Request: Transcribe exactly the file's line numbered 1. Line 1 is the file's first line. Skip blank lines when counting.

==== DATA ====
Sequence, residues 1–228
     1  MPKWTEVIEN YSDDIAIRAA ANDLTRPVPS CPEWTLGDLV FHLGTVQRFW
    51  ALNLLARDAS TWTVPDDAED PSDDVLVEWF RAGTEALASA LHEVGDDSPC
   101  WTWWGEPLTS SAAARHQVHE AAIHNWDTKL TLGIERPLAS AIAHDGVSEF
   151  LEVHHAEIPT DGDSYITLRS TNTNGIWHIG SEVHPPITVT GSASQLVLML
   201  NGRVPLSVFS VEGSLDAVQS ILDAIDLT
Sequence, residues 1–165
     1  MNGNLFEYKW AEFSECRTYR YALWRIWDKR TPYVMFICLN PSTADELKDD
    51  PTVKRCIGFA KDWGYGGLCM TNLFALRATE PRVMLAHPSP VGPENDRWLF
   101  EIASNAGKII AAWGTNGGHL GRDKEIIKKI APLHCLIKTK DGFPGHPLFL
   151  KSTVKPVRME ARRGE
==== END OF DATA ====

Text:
Sequence, residues 1–228